OTN Appreciation Day: Automatic Storage Management (ASM)

Big shout out to Tim for kicking this off!

Automatic Storage Management (ASM) provides optimised volume management and filesystem capabilities for Oracle databases, whether they be single or multi instance (RAC) implementations.

Although introduced with Oracle 10g Release 1 in 2004, I first used it in a production scenario around 2008, when upgrading a hardware platform for a Data Warehouse. It seemed like a logical choice for myself and the DBAs at the time, although the storage team were less pleased at losing some control. Ultimately it proved a big success on that project and is still in stable, reliable use today.

Things I like about ASM include:

  • Simplifies storage management
  • Automatic rebalancing when capacity is added
  • Visibility within Enterprise Manager for monitoring
  • Availability of detailed metrics within the database
  • Reliable, balanced and consistent performance
  • Works with RAC
  • Rolling upgrades and patching
  • Provides a reliable cluster filesystem (ACFS)
  • Even more cool features coming in 12c such as Flex ASM

 

Some useful links:

ASM Administrators Guide 12cR1 (Oracle Docs)

The Mother Of All ASM Scripts (John Hallas)

Technical overview of new features for ASM in 12c (Whitepaper)

Oracle Optimized Warehouse Initiative (OWI)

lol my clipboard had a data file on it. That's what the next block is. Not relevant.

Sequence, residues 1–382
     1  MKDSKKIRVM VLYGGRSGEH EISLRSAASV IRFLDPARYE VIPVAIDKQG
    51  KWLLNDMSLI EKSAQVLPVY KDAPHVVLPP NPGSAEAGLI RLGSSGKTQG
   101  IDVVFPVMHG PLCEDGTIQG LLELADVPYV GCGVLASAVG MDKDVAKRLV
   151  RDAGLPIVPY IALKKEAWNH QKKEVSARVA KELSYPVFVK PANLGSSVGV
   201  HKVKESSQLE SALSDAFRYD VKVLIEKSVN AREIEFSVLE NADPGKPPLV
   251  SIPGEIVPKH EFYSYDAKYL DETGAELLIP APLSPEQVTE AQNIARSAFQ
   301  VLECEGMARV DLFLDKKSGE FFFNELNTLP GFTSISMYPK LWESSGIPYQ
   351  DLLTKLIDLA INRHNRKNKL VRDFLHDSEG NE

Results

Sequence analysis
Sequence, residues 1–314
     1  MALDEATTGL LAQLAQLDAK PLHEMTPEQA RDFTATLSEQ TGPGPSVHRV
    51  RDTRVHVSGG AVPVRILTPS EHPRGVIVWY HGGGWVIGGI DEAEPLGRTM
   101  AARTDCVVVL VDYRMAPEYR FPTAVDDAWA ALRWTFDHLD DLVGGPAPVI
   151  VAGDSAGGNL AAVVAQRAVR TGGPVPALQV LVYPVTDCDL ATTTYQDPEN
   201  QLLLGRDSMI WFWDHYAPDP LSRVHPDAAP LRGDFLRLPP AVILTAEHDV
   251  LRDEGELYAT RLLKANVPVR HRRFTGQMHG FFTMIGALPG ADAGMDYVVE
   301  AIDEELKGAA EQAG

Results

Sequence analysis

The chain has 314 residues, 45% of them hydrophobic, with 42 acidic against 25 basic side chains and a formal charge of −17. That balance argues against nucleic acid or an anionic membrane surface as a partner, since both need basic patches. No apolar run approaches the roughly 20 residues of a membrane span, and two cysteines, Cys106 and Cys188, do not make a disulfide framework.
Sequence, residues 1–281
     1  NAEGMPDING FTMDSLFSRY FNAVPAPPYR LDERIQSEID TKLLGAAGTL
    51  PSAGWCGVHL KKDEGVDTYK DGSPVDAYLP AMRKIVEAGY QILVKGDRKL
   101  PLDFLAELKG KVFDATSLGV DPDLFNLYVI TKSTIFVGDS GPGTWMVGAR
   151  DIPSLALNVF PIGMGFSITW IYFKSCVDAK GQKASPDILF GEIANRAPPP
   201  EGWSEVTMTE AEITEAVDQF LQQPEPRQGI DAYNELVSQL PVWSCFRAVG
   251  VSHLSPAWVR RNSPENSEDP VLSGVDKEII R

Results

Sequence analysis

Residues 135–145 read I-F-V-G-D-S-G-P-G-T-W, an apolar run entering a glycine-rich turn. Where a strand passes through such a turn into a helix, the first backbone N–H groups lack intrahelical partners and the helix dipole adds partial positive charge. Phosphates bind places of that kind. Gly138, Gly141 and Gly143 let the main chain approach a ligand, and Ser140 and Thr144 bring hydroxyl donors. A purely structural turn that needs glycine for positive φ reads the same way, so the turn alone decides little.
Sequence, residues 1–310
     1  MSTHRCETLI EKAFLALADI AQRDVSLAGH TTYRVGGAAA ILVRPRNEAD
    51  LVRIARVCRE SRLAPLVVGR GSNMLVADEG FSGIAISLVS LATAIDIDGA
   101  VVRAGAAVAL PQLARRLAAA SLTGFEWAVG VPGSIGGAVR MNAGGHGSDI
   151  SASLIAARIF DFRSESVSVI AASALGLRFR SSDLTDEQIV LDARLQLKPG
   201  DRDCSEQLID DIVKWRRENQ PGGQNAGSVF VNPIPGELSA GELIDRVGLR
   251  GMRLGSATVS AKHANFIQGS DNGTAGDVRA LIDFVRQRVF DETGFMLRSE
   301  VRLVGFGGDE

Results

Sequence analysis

I enjoyed a trip out of the office today with my manager. We went down to the Oracle Enterprise Technology Centre, in Reading, to hear about the Oracle Optimized Warehouse Initiative. It was basically a half day pitch from Oracle and Sun today, although there are other dates with different hardware vendors (IBM, HP and Dell).

It was an interesting day, although I didn’t really hear anything new, per se. I think the main things I took away from the session were:

  • The availability of a set of reference configurations providing matrices which cover various permutations of user count, storage cost focus, warehouse size and hardware vendor.
  • The possibility of using the reference configurations either minimally, to simply cross check a proposed hardware specification for a given workload, to ensure it seems appropriate, or going the whole hog and using an “out of the box” reference configuration, delivered to your office, fully configured with all software installed, in a box, ready to run in your data.
  • Oracle are pushing RAC and ASM heavily in the DW space – no surprise there.
  • HammerOra and ORION are used by Oracle and the hardware vendors to assess the reference configurations…and there is nothing stopping you using them for your own benchmarking efforts

It was interesting to hear about the Proof Of Concept facility that Sun has, in Linlithgow, Scotland. The facility allows Sun (and an Oracle customer) to take a server off the production line and, working with the customer, test their workload on that machine to see if it’s going to work or not. Neat, and since we’re going to be using some Sun kit for a DW shortly, it sounds like an opportunity.

Funniest thing of the day for me, was the last slide in the pitch given by Mike Leigh of Sun which had the title “The Power of 2” and was illustrating the benefits to customers of Oracle and Sun as a united force. I didn’t really take much notice, as I was too busy smiling, as I looked at the title and it made me think of Doug and his Parallel Execution and the ‘Magic of 2’ paper (the Magic of 2 bit actually being from this paper by Cary).

If you’re building a warehouse, or just want to get an idea of whether your hardware is appropriate for the job, it’s probably worth reading up on the OWI.